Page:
Friday, March 14, 2008
The eatin' of the corned beef
…National Standard, in a copyrighted story (Mar 2008), takes on the traditional St Patty’s fare of corned beef and cabbage.
…The protein is from beef pickled in brine. Apparently, according to the article, which quotes the History Channel, cabbage was traditionally Irish, but corned beef (referring to the kernel-like salt grains used to preserve it) was brought to Ireland in the 1800s as a substitute for bacon.
…But isn’t beef bad for you? The article said yes, meat has contaminants, but if you eat different kinds you may not get enough of any one contaminant to harm you.
…Meat-eaters have a slightly lower risk of bone fractures. Vegans might get less calcium, which might account for their higher risk of fracture.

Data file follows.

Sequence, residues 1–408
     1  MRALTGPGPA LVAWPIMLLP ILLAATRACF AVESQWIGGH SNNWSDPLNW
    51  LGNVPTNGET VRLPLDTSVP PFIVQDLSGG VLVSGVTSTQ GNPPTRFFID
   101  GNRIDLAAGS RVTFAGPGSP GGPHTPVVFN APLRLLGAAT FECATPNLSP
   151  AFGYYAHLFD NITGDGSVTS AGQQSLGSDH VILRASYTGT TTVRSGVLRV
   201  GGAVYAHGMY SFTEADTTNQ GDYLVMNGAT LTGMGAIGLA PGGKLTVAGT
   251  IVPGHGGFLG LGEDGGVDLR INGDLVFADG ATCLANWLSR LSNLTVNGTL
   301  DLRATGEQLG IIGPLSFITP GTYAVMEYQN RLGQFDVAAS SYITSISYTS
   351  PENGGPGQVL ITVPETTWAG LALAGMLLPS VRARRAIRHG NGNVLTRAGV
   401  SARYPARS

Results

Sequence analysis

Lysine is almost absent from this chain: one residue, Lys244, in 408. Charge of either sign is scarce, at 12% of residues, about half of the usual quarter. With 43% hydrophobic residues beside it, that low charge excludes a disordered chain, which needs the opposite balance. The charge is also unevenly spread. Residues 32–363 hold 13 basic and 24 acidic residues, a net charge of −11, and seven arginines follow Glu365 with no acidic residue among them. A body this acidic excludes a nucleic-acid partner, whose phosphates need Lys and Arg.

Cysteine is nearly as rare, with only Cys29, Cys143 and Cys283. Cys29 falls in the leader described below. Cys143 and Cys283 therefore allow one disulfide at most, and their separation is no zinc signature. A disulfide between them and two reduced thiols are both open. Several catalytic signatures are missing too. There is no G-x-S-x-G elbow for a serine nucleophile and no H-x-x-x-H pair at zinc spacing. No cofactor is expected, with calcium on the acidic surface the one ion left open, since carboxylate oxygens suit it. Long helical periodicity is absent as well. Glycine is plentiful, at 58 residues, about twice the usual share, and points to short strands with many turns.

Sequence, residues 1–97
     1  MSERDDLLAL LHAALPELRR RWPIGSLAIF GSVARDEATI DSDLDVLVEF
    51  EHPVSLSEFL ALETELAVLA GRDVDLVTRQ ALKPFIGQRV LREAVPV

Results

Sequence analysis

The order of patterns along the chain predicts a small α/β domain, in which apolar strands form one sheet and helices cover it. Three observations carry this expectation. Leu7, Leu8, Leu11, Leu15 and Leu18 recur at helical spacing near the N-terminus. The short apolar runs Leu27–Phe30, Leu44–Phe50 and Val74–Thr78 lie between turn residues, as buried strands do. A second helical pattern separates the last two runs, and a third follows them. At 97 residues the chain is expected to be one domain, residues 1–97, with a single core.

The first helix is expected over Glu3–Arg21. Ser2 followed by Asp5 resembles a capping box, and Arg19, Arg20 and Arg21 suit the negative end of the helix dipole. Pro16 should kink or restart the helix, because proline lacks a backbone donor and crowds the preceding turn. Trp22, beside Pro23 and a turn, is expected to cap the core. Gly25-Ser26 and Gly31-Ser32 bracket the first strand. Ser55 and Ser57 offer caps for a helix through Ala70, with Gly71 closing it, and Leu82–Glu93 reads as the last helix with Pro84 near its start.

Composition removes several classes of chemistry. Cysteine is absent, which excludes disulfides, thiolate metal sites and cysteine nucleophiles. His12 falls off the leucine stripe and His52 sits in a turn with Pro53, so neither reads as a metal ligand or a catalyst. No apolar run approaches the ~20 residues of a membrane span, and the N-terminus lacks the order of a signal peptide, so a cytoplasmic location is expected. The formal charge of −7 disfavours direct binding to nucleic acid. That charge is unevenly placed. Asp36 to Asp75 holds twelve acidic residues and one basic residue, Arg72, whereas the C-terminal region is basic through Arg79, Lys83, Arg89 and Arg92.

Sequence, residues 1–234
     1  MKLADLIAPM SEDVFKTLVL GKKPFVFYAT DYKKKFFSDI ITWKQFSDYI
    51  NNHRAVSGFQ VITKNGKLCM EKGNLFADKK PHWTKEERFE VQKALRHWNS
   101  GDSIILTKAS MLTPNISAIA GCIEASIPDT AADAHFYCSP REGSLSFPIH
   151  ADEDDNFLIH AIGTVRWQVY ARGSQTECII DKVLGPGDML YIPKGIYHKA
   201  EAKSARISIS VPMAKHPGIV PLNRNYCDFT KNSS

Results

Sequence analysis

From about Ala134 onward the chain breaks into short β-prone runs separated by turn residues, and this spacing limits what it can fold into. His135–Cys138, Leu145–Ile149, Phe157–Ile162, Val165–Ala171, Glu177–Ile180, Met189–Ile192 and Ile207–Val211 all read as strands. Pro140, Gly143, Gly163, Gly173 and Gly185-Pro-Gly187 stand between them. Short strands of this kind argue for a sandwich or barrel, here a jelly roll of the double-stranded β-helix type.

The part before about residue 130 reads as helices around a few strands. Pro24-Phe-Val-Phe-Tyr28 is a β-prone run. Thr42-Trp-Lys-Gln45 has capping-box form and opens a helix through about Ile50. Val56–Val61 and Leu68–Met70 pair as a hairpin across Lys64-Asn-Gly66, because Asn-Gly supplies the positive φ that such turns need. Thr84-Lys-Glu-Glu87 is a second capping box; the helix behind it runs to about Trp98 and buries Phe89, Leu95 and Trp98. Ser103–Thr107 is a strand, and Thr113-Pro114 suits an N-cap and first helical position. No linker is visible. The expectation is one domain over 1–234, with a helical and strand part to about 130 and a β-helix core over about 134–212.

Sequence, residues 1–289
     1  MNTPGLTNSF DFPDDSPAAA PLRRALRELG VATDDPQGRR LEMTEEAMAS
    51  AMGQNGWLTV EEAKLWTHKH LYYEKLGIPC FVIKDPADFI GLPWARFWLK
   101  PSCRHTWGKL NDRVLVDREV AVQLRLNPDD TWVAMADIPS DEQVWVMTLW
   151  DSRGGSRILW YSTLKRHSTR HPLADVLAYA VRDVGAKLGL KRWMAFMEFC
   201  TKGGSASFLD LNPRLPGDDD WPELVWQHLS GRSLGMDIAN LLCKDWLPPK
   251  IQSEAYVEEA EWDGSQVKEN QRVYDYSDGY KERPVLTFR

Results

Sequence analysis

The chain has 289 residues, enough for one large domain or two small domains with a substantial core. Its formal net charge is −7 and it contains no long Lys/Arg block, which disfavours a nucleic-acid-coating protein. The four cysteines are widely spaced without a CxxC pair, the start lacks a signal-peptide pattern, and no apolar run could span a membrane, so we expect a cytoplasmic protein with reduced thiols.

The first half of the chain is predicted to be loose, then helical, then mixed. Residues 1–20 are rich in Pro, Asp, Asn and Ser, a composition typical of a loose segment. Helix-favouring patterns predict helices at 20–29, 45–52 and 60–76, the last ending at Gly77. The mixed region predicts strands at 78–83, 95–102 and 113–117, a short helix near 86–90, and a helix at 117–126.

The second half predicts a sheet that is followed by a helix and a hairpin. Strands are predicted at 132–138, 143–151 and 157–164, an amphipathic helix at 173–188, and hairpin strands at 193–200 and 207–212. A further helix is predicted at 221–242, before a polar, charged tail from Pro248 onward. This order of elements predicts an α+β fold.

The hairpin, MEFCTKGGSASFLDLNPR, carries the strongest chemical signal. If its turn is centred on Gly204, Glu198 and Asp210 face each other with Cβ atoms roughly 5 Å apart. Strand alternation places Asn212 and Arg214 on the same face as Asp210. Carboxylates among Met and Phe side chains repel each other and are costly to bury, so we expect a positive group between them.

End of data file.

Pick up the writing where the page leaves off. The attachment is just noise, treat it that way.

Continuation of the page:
…Cabbage, though, is aces! It used to be used medicinally in Roman times.
…The old wives think cabbage helps heal inflammation.
…Cabbage also contains a compound that can cure a disease of the head and neck caused by the Human Papilloma Virus (which also causes cervical cancer).
…Cabbage juices also have antifungal effects—and there is always a fungus amungus someplace.
…The Japanese drink a beverage made of cabbage and broccoli to lower cholesterol. HA would rather have high cholesterol, thanks.
…Green beer is great, though. The nannies, except the Irish ones, probably wouldn’t approve.
…But who asked them.